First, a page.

Your online orders cannot currently be placed through your PGW Customer Account Web login. Please contact our online support team for more information.

Beekeeping ahead of spring

Beekeeping ahead of spring Fruitfed 2022

Beekeeping ahead of spring

Winter is the quietest season for beekeepers, with the bees foregoing foraging to keep warm in the hive while feeding on honey stores.


The bees’ reduced activity offers beekeepers the opportunity to get ready for the season ahead. Before spring, check your protective wear and hiveware. New beekeepers are advised to wear a veil, overalls, boots and gloves when checking the hives. A smoker is essential too, helping calm the bees as you open hives, plus a hive tool to easily pull the hive components apart, scrapping them clean of honey.1


Several factors are considered when selecting hive sites. If in town, situate the hives somewhere discreet where the bees flight path won’t bother neighbours. Rural sites are often agreed with orchardists or farmers, so discuss any potential hazards on the property and a location away from livestock. Give the owners your contact details so you can be notified if the hives become damaged.1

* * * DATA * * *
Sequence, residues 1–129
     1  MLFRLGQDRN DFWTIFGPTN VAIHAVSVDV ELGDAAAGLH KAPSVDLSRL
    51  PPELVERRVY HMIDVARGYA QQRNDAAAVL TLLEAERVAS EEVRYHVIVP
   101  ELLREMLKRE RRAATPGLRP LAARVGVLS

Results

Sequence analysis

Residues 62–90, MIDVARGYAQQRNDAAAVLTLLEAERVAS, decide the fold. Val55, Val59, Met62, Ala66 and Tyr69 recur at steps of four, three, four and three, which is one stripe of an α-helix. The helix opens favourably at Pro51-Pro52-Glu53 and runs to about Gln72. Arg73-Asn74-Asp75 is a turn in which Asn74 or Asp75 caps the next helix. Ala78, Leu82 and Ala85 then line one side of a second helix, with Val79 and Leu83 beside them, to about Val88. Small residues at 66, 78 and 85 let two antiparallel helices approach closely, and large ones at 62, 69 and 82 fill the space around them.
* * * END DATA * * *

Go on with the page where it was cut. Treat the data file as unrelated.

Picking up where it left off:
Consider climatic conditions too. Ideally, locate your hives in a sheltered position that receives sunlight year-round, particularly from early morning, to maximise the bees’ foraging time. The
area also needs to be dry and not prone
to flooding.


Assess site’s proximity to pollen and nectar sources. Nectar and pollen are available for spring foraging to support the development of a strong colony and reduce the need to feed sugar syrup in autumn.1


Go online to store.pggwrightson.co.nz, or visit your local Fruitfed Supplies store to view our range protective wear and equipment in readiness for spring.


Article supplied by Fruitfed Supplies
1 Matheson, A., & Reid, M. (2011). Practical beekeeping in New Zealand (4th ed.). Exisle Publishing.